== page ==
Section Four - Llanrhystud to New Quay - Ceredigion and Wales Coast Path
Distance - Around 14 miles (23km) Grade – 6.5 miles moderate and 7.5 miles easy grade walking – Low shingle banks & short cliff sections before coastal uplands and woodlands cut by deep stream valleys. What these grades mean
An easier day today after the strenuous efforts since Aberystwyth, much of which is on long sections alongside shingle and mud bank, through an area of flat, wide coastal plain. There are a couple of climbs over high cliffs, but nothing like the ups and downs you have endured so far – or those to come.
Start by clunking over the stones at the back of the beach for a short distance on a pebble banked storm ridge.
You quickly pass an unusual set of 4 stocky old lime kilns in woods at Craig-Las. These were significant in their day, with coal and limestone stores adjoined, as well as the remains of a beer store for the thirsty workers. As you emerge from the wood you can still see parts of the old jetty where materials for the kilns were offloaded from ships.
Gentle walking to Llansantffraid follows, across lush green coastal fields and pasture just inland of the shoreline, where the medieval towered church dominates the scene. It is dedicated to St Ffraid, the patron saint of dairy maids, which reflects the more arable nature of the land you are walking through. A glance around the graveyard reveals a less pastoral history however – it is said that there are over 70 graves here of local sailors who died at sea, most on voyages to the other side of the world, far away from this quiet corner of Wales.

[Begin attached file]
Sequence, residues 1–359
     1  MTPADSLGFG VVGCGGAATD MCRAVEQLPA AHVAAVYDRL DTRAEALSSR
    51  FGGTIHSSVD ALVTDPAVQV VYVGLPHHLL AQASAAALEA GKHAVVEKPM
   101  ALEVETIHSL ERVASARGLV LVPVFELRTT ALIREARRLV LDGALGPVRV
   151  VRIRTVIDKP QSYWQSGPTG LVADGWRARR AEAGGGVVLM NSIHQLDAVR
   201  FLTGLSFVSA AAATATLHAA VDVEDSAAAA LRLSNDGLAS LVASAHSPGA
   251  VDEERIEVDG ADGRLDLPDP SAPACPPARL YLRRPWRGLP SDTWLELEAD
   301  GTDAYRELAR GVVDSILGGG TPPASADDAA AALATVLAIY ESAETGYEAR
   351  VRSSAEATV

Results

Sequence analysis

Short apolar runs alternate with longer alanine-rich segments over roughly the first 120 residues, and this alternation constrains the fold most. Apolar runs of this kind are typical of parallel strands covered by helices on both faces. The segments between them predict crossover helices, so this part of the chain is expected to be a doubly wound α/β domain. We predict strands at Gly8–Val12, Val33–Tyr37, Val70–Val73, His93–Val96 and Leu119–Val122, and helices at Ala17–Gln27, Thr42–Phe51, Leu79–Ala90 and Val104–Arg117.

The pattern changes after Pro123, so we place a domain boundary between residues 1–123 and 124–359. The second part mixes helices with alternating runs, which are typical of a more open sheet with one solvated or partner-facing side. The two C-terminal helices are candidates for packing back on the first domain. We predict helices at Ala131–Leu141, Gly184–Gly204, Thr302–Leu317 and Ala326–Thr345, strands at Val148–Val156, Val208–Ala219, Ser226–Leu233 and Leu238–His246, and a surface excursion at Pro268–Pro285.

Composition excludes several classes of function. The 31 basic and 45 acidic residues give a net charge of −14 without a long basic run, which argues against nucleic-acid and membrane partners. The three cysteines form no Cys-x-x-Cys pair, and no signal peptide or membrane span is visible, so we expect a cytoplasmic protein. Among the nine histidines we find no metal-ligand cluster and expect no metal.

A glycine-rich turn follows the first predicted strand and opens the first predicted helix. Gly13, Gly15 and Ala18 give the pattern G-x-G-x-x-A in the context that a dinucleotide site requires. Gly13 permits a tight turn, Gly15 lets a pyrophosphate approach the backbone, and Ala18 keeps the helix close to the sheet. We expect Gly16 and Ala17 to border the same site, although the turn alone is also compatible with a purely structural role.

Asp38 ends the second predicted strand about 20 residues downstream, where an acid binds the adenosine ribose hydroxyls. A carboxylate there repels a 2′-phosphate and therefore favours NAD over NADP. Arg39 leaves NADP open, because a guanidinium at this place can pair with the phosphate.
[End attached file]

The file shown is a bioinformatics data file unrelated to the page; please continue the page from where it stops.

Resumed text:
Near the hamlet of Llannon you will pass through Morfa Esgob or ‘The Bishops Strand’, a well-preserved and complex system of medieval strip-farming known as slangs: narrow strips of land given over to feudal peasants – there are over 140 here that survive intact. It’s at this point that you are forced to cross the River Cledan where it snakes and spills out over the pebbles to the sea and there is a short walk along the pebble ridge to enjoy as you approach.